The Maui Arts & Cultural Center (The MACC) will offer views into several facets of Hawai'i history and heritage this weekend, with two events in The MACC's lineup of 2013-14 performances.
"The Legend of Ko'olau"
First, on Saturday evening, Nov. 9, at 7:30 p.m., The MACC will present the premiere of "The Legend of Ko'olau," a play by local author Gary T. Kubota. This one-man play, acted by Ed Ka'ahea and directed by Keo Woolford, tells the story of a Hawaiian man who became an "outlaw" while trying to protect his family's right to live on the land in Kaua'i after the loss of Hawaiian sovereignty in 1893.
The MACC will present the premiere of “The Legend of Ko‘olau,” a play by local author Gary T. Kubota, on Saturday, Nov. 9, at 7:30 p.m.
The enforcement of leprosy laws at that time would have consigned Kaluaiko'olau and his son to the "Living Grave" settlement at Kalaupapa, but Ko'olau's wife, Pi'ilani, was resolved to keep the family together. Ko'olau had been a cowboy, fought against the militia and was an excellent marksman. These factors, as well as the vast wilderness of Kaua'i's Kalalau Valley, contribute to his cause.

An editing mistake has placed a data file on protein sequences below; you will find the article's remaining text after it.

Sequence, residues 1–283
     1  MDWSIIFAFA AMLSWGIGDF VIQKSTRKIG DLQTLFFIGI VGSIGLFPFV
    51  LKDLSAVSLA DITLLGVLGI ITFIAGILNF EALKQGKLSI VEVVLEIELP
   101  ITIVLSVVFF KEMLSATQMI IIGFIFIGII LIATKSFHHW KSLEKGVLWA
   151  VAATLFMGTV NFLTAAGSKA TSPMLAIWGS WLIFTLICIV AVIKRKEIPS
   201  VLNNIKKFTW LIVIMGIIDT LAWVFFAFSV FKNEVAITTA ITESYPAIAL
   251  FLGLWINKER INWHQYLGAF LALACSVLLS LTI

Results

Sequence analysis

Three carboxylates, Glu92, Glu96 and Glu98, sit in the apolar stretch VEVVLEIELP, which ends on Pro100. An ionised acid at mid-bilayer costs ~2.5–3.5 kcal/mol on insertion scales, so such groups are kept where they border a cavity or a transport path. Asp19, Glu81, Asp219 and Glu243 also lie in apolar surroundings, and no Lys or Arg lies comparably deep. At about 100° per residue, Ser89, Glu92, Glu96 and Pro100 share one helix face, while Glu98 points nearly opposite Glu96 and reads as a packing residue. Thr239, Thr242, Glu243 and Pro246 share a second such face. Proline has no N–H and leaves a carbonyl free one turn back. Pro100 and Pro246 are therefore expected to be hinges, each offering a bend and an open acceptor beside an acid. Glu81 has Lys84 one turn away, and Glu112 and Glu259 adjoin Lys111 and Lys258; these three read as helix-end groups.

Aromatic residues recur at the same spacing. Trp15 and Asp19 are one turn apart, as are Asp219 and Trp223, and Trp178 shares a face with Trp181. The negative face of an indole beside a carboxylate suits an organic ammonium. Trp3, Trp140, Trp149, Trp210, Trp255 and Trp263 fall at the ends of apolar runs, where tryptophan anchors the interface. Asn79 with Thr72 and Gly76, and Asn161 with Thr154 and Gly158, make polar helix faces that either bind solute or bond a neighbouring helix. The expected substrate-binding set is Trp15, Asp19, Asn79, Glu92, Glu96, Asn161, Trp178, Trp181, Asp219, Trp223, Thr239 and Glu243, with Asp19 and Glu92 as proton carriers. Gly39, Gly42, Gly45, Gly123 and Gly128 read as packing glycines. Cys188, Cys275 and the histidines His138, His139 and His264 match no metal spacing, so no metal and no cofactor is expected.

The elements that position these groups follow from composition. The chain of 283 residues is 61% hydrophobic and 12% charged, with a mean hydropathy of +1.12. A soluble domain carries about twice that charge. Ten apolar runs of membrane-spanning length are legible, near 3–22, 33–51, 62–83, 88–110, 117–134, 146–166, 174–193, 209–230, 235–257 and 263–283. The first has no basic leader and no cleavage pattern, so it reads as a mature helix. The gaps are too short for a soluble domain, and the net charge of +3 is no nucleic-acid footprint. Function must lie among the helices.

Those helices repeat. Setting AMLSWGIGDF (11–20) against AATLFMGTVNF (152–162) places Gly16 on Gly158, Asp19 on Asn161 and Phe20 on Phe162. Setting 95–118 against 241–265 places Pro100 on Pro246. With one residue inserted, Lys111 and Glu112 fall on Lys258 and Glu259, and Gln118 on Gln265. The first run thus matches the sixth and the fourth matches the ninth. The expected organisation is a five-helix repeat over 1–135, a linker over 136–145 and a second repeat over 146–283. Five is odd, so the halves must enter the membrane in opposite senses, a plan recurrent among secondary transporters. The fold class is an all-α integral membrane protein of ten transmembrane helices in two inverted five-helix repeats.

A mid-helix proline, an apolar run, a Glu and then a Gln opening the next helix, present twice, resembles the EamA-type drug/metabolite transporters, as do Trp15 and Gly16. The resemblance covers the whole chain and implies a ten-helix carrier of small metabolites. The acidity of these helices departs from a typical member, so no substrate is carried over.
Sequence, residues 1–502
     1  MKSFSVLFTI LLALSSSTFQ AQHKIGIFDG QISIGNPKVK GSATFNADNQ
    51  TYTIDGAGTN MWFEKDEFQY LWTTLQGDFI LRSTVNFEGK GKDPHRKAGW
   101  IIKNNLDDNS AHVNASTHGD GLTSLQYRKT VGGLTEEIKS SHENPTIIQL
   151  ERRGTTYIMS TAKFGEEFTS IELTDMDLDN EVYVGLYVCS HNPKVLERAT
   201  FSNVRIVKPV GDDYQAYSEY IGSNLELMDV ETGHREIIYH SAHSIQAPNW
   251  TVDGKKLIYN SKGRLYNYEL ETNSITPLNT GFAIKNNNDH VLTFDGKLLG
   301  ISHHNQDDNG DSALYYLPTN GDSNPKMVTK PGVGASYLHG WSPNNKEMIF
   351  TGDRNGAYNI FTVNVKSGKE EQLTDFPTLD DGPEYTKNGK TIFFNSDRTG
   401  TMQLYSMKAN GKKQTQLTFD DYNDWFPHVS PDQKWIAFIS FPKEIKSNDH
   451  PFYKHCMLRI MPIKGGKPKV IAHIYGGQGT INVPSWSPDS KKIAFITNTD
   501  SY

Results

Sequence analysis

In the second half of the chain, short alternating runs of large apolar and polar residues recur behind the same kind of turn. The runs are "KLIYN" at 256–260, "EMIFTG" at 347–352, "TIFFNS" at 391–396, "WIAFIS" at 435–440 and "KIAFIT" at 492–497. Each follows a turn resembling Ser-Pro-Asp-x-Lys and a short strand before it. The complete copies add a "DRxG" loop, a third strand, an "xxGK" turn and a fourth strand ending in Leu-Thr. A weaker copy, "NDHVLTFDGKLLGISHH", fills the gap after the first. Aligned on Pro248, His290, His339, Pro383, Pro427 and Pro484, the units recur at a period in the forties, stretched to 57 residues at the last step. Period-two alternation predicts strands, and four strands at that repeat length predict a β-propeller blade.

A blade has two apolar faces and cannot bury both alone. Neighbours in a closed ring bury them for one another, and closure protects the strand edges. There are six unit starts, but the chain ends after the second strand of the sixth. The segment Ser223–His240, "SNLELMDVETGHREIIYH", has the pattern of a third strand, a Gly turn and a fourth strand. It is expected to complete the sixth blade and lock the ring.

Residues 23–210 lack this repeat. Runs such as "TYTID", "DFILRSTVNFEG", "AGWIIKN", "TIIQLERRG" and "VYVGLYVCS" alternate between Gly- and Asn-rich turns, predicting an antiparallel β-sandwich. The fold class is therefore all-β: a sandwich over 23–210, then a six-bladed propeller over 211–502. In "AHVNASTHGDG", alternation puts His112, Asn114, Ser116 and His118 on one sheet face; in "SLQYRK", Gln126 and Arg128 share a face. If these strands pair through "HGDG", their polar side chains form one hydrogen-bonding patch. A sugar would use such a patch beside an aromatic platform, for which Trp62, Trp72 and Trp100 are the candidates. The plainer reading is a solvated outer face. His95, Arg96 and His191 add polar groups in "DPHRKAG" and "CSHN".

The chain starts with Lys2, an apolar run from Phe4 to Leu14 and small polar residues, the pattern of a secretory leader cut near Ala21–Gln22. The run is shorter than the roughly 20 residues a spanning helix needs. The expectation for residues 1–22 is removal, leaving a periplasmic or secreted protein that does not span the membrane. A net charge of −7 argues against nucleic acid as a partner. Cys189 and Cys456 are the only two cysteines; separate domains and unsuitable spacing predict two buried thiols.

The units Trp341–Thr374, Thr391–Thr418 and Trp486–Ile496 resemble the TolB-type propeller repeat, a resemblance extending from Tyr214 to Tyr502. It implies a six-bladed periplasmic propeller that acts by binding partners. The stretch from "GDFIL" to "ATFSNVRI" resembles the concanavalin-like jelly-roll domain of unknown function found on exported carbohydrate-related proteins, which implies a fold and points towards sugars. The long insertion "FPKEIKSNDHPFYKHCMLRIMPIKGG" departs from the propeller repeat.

"The Legend of Ko'olau" is a tale of love and survival. Don't miss this riveting slice of Hawaiian history! Tickets are just $25.
Heritage Films: "Kuleana"
A contemporary view of the efforts to keep Hawaiian things Hawaiian will be presented on Sunday, Nov. 10, at 3 p.m. A film series called Heritage Films has been conceived by The MACC's cultural director, Kumu Hula Hokulani Holt. The first of this two-part series will be presented under the title of "Kuleana." This will be a collection of short films addressing various subjects facing the Hawaiian communities, created by the organization 4 Miles LLC, in partnership with Kamehameha Publishing Kumukahi Project and the Office of Hawaiian Affairs.
The organization's mission is to promote a better global understanding of the people and practices that make Hawai'i unique, as well as to encourage the protection and perpetuation of Hawai'i's resources.
The films highlighted in this "Kuleana" session will take the audience on a huaka'i throughout the pae'aina--to shine the light on good work being done by many in the community to ensure that laws are being followed to protect iwi kupuna, precious resources, sacred sites and traditional/customary rights (among other issues).
There will be a talk-story session following the films.
Tickets for this intriguing and thought-provoking afternoon are just $10.
Both of these programs will be held in the McCoy Studio Theater at The MACC.
For tickets, call 242-SHOW (7469), visit the Box Office Monday through Saturday from 10 a.m. to 6 p.m., or purchase online at MauiArts.org.